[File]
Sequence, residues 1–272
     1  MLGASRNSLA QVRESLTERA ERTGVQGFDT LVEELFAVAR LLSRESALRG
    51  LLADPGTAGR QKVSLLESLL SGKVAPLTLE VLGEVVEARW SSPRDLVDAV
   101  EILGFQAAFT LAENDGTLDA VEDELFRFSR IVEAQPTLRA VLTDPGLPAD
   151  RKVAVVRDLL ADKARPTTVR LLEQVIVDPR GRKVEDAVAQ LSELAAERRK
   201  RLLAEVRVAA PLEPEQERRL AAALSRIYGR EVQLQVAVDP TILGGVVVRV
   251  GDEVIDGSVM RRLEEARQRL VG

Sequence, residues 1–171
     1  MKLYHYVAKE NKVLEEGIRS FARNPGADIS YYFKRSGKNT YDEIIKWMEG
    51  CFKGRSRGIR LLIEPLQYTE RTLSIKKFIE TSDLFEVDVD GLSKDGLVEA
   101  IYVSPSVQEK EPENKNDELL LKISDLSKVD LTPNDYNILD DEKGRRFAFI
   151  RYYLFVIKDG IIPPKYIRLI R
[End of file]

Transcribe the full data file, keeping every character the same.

Sequence, residues 1–272
     1  MLGASRNSLA QVRESLTERA ERTGVQGFDT LVEELFAVAR LLSRESALRG
    51  LLADPGTAGR QKVSLLESLL SGKVAPLTLE VLGEVVEARW SSPRDLVDAV
   101  EILGFQAAFT LAENDGTLDA VEDELFRFSR IVEAQPTLRA VLTDPGLPAD
   151  RKVAVVRDLL ADKARPTTVR LLEQVIVDPR GRKVEDAVAQ LSELAAERRK
   201  RLLAEVRVAA PLEPEQERRL AAALSRIYGR EVQLQVAVDP TILGGVVVRV
   251  GDEVIDGSVM RRLEEARQRL VG

Sequence, residues 1–171
     1  MKLYHYVAKE NKVLEEGIRS FARNPGADIS YYFKRSGKNT YDEIIKWMEG
    51  CFKGRSRGIR LLIEPLQYTE RTLSIKKFIE TSDLFEVDVD GLSKDGLVEA
   101  IYVSPSVQEK EPENKNDELL LKISDLSKVD LTPNDYNILD DEKGRRFAFI
   151  RYYLFVIKDG IIPPKYIRLI R